North spared in latest round of Homebase store closures
IN a boost to the local retail sector, Northern Ireland was not included as part of a wave of store closures announced by DIY giant Homebase yesterday.
None of the north's nine outlets have been named as part of the 42 due to shut their doors via a Company Voluntary Arrangement (CVA) - a controversial insolvency procedure used by struggling firms to shut under-performing shops.
It is welcome news, given the loss already this year of Toys R Us and Maplin from the high street.
The 42 Homebase stores due to close include three in the Republic of Ireland, of which two are located in Dublin and the other in Limerick. In all 1,500 jobs are at risk. The nine Homebase stores in the north are located in Derry, Antrim, Bangor, Cookstown, Omagh, Craigavon, Newtownabbey and Belfast (two).
Homebase boss Damian McGloughlin said the decision to move forward with the CVA had not been taken lightly.
"Homebase has been one of the most recognisable retail brands for almost 40 years, but the reality is we need to continue to take decisive action to address the under-performance of the business and deal with the burden of our cost base, as well as to protect thousands of jobs.
"The CVA is therefore an essential measure for the business to take and will enable us to refocus our operations and rebuild our offer for the years ahead."
Mr McGloughlin cited declining sales and rental costs as two key factors in the move.
"Rental costs associated with stores are unsustainable and many stores are loss-making.
"Homebase's sales performance and profitability declined significantly under the previous ownership over the last two years.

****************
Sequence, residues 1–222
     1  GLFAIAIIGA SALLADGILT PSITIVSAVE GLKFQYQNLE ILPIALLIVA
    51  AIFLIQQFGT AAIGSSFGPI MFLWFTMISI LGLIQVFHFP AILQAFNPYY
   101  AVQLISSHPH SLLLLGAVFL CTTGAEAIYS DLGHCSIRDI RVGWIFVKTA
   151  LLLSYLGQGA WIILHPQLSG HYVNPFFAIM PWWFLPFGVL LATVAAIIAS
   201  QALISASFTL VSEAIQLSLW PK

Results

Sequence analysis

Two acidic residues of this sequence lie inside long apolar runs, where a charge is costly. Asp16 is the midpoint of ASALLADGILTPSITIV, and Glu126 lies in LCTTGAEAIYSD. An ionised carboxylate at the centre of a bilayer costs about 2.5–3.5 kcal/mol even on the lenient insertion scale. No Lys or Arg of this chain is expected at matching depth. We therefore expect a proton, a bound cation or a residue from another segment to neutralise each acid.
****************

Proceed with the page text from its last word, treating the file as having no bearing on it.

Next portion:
"In addition, the company has faced an extremely challenging retail trading environment, reflecting weak consumer confidence and reduced consumer spending.
"These factors have had a significant adverse impact on Homebase's trading position."
Restructuring experts at Alvarez & Marsal will carry out the CVA, which will require the support of landlords. CVAs have been adopted by a host of retailers including New Look, Carpetright and Mothercare.
The Homebase store closures follow the sale of the business earlier this year by its former Australian owner Wesfarmers to Hilco, a retail turnaround specialist, for £1.
Homebase was bought by Wesfarmers for £340 million in 2016.
Wesfarmers is known for its Bunnings chain in Australia, and attempted to import the home improvement brand to the UK by converting a host of Homebase stores into the Bunnings format.
However, the strategy ended in disaster.
Prior to the Hilco takeover, Homebase had 250 stores at its peak and 12,000 staff.